Phlebotomy Definition and History
Phlebotomy is the process of obtaining blood from a vein. In the old days, this was done by incising or cutting a vein and just letting the blood flow into a container. Today phlebotomy is done with much more sterile condition and also with much care by puncturing a vein with a needle. It is often done in order to obtain blood for diagnostic tests or to remove blood for treatment purposes to relieve the iron overload in hemochromatosis.
Phlebotomy or bloodletting-as it was called back in the days is one of the oldest medical practices among diverse ancient people such as the Greek, Egyptians and Mesopotamians. In Greece, bloodletting was in use around the time of Hippocrates who makes references bloodletting but in general relied on dietary techniques. Erastistratus, however, theorized that many diseases were caused by plethoras, or overabundances, in the blood, and advised that these plethoras be treated, initially, by exercise, sweating, reducing food intake, and vomiting. Herophilus a Greek physician advocated bloodletting. Archagathus, one of the first Greek physicians to practice in Rome, practiced phlebotomy extensively and gained a most sanguinary reputation.
The popularity of bloodletting in Greece was reinforced by the ideas of Galen, a well known Greek physician after he discovered the veins and arteries were filled with blood and not air as was commonly believed at the time. There were two key concepts in his system of bloodletting:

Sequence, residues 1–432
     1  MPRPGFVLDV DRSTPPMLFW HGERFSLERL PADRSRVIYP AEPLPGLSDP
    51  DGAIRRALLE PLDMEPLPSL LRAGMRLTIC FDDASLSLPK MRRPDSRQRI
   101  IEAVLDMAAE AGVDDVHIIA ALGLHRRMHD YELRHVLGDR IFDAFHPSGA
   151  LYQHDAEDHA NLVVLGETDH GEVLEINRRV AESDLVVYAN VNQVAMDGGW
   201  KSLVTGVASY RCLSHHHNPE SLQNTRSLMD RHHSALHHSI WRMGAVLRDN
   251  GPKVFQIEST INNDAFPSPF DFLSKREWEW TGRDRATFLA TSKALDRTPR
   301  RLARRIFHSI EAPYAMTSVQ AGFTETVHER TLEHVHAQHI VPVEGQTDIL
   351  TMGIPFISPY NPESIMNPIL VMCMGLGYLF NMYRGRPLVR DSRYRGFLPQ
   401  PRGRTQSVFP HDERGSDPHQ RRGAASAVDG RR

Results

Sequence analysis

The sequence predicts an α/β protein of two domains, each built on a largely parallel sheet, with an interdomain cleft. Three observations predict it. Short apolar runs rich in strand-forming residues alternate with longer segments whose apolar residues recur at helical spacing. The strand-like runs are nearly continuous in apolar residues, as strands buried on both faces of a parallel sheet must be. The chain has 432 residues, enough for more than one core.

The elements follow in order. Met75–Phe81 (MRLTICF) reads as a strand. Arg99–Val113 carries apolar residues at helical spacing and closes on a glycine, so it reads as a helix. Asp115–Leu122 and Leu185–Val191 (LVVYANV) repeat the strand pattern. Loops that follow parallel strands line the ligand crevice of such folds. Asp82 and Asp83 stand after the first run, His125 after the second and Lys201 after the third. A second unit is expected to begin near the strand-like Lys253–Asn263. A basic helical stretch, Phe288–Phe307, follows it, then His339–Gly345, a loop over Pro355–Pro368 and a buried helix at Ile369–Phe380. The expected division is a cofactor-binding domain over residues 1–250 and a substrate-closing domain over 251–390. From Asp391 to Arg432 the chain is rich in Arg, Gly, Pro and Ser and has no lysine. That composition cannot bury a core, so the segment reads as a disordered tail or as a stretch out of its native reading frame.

- Blood was created and then used up, it did not circulate and so it could ‘stagnate’ in the extremities.
- Humoural balance was the basis of illness or health, the four humours being blood, phlegm, black bile, and yellow bile these are closely related to the four Greek classical elements of earth, air, fire and water.
Galen believed that blood was the dominant humour and the one in most need of control. In order to balance the humours, a physician would either remove ‘excess’ blood or plethora from the patient or give them an emetic to induce vomiting or diuretic to induce urination. Galen created a complex system of how much blood should be removed based on the patient’s age, constitution, the season, the weather and the place. He linked different blood vessels with different organs, according to their supposed drainage. For example, the vein in the right hand would be let for liver problems and the vein in the left hand for problems with the spleen and the more severe the disease; the more blood would be let. Fevers required copious amounts of bloodletting.
Though Galen contributed the turning point in bloodletting there were also contributions from the Talmud, Islam, Christians, Arabs and others. Bloodletting lost favor in the 19th century and today we have phlebotomy which is a much safer procedure.